It’s the end of October and bushfire stoking 35 degree days alternate with a series of devastating frosts that have wiped out vineyards less favourably situated than ours across NSW and the ACT. The last “black frost” hit our Block 9 Cabernet pretty hard.
As a farmer and a country dweller almost all of my life, it certainly feels like the weather is getting more extreme. As a grape grower and producer of some of the nation’s finest Cabernet, I’m sensitive to even minor temperature increases – projected or actual.
I don’t want to get into the debate about cyclones and bushfire, whether climate change influences them and the impact this may have on other parts of society here, but I do want to talk about the potential impact on vineyards. For example, the difference in mean growing season temperatures between two great but starkly different French regions, Burgundy and the Northern Rhone Valley, is just 1.5 degrees celsius. Here in Australia, this is the same difference between the Yarra and Barossa Valleys.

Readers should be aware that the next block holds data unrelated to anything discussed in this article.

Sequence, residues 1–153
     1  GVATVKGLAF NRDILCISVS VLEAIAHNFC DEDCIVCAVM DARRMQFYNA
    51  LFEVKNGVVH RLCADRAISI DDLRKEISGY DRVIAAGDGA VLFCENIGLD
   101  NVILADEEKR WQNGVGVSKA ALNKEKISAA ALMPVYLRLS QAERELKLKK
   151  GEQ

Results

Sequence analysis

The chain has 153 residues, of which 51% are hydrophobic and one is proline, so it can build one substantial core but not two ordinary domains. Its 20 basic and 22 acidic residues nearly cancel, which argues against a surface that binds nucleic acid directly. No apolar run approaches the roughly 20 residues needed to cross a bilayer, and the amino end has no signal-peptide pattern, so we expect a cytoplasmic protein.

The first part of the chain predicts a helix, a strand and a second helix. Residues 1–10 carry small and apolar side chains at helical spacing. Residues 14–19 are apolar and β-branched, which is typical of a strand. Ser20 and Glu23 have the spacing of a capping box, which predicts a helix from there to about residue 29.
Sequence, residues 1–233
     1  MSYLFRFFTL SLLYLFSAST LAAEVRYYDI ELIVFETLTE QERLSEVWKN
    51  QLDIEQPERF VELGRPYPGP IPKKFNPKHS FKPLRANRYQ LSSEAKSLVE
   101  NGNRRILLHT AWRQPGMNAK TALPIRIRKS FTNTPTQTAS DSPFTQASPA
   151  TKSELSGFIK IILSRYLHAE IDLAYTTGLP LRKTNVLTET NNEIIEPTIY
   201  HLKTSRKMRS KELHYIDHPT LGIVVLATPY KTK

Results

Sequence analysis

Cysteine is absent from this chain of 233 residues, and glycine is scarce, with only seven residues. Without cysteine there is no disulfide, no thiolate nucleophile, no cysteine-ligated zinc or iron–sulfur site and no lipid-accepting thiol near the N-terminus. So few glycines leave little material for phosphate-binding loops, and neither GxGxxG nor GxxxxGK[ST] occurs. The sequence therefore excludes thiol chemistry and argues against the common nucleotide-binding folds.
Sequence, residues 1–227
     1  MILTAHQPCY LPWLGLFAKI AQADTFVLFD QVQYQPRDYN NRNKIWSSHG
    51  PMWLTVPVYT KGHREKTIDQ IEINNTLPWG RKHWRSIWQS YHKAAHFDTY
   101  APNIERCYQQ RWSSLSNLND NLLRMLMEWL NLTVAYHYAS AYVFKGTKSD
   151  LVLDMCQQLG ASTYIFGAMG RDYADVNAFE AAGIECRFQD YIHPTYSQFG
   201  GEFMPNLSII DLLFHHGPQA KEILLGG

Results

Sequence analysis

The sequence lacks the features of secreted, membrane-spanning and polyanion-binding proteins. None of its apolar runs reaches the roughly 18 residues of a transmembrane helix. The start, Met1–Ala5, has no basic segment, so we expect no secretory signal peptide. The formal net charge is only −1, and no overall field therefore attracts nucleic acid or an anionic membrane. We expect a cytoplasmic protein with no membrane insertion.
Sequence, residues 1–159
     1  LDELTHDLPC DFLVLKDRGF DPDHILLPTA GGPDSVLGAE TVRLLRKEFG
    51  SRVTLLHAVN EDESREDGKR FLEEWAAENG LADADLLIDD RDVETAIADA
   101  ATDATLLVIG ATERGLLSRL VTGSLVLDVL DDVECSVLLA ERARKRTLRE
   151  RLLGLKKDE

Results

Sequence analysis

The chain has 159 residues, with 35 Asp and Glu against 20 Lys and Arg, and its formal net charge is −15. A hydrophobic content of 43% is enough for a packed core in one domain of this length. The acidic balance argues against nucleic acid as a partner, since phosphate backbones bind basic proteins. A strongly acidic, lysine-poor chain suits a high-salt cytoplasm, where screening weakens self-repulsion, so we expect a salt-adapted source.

While other factors also influence wine styles – soils, slopes, continental vs maritime and sunshine hours – these temperature differences do serve to illustrate the affect that climate change can have on vineyards. Another factor is how wet or dry a season is, and climate change science asserts that we are likely to get greater extremes. Anecdotally, I reckon we are already seeing this.
You may think me unwise as the owner of a commercial enterprise to express what has been turned into a political opinion in this country (as in many). Certainly my peers will not thank me for raising attention to the notion that some once ideal cool climate vineyards may not be as viable in the long term. It seems simply ridiculous however that the majority of us engaged in any form of agriculture, whose livelihoods depend on the climate feel compelled to pretend this issue doesn’t exist instead of contributing a “down to earth” and credible voice to the debate.
If climate change is happening, all vineyards are likely to see some impact on wine styles and this is something that needs to addressed not ignored.
If for no other reason than you love Australian wine and are partial to the finest drops we produce here at Huntington, all I ask is that you engage with the issue. Sit down with a glass of something delicious in your hand, and consider the costs and consequences of inaction vs those of action on the off chance that the weight of scientific opinion is right.